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17 of 17 people found the following review helpful By manav sawhney on November 22, 1999
Format: Audio CD
"A Chorus Line"-was to broadway, what Beatles were to music. What Michael Bennet conceived, created and directed was unheard of in broadway-is still today. The proof was evident, as the musical was the longest running ever (till recently until CATS took over). TO come to the music. It is music that comes from within. The fact, that none of the performers were established artists, resulted in a phenomenon that was driven more from the heart and soul than vocal prowess and theatrical experience. The result- an energy driven, yet soft and heartfelt soundtrack. From the Powerful opening bars it goes on to Mike's histrionics on "I Can Do That! " followed by perhaps one of the most beautiful tracks on the CD "At The Ballet" The innocence and stark nature of the lyrics rouses goose pimples. "Montage" is the highlight of this REmastered Version. It contains Connie's "Four foot Ten" (Although it leaves out Mark's account of mistaking his first Wet dream for gonorehhea), Judy little bit on her humourous account and Greg's Scandalous "I'd Get Hard! " orginally omitted on the original version. This leads to Cassie's "Music and the Mirror", as her obvious desperation and desire to dance again comes forth so obviously. And Val's "Dance Ten looks Three" as always brings a wide smirk to one's face as one relates to the ever so popular use of Silicon today. IT ends with probably the 2 best tracks on the CD-"What I did for Love" and "ONE"..the former capturing the vision that like love-it could never be lost completely and ONE-which sums up the entire musical..that ultimately that is what everyone strived to get.. A place in the chorus- backing a star when jobs were so difficult to come.. ALl in all--it truly is "ONE SINGULAR SENSATION"
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13 of 13 people found the following review helpful By Tommy Peter on February 17, 2002
Format: Audio CD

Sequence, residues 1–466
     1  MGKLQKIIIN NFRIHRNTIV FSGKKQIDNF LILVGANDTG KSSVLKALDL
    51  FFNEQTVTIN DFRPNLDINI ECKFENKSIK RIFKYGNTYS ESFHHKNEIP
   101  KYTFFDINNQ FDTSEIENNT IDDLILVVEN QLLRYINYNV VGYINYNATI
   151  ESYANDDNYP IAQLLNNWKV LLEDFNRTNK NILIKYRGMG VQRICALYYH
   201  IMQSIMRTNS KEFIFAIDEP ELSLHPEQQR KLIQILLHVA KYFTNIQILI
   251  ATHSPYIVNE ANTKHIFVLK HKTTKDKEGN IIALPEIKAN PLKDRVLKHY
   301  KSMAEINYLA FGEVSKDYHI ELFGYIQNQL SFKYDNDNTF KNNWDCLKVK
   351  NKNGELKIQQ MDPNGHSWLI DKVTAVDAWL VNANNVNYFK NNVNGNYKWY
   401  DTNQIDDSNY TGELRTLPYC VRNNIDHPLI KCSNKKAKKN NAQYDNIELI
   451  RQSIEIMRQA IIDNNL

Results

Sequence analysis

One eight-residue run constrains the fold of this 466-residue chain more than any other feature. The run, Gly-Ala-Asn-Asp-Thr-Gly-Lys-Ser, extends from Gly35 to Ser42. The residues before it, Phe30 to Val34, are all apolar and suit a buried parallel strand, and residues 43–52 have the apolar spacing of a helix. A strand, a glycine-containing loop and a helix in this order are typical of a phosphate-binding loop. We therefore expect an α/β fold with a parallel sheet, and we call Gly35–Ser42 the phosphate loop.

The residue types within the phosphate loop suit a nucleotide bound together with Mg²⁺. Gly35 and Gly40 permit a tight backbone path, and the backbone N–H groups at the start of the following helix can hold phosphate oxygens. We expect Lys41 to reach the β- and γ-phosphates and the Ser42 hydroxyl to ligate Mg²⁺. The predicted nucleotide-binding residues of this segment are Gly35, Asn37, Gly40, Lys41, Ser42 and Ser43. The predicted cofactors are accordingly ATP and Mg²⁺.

"A Chorus Line" may not have been the greatest musical to ever hit Broadway, but listening to this wonderful original cast recording, it's easy to see why it struck enough of a chord with audiences to keep it running for 15 years. We don't get Michael Bennett's supposedly amazing staging, but what we do get is a great score by Marvin Hamlisch and Edward Kleban that rises above its charming, energetic but often dated 70s-pop orechstrations to create a mood of such energy, excitement and heartbreaking hope that you can't help but be drawn in to the stories of all these would-be Broadway dancers auditioning for a Broadway chorus. You also get the performances of a uniformly dead-on ensemble cast. There are no star performances here, as was intended, but each and every performer is a standout. What is often neglected is how well this score is constructed. It chronologically reflects the life of the average dancer through many different characters and viewpoints, starting with the first dance class ("I Can Do That-" an amusing song done well by Wayne Cilento) and explaining different reasons why a dancer may start to dance, whether it's to escape home life (the deeply poignaint "At the Ballet," beautifully and emotionally performed by Carole Bishop, Kay Cole and Bebe Lane) or because it's the one thing in show buisiness you're good at (The hilarious "Sing!", the one thing the character portrayed by Renee Baugham cannot do, and the serio-comic "Nothing," brilliantly sung by Priscilla Lopez, about being told you'll never make it as an actress).Read more ›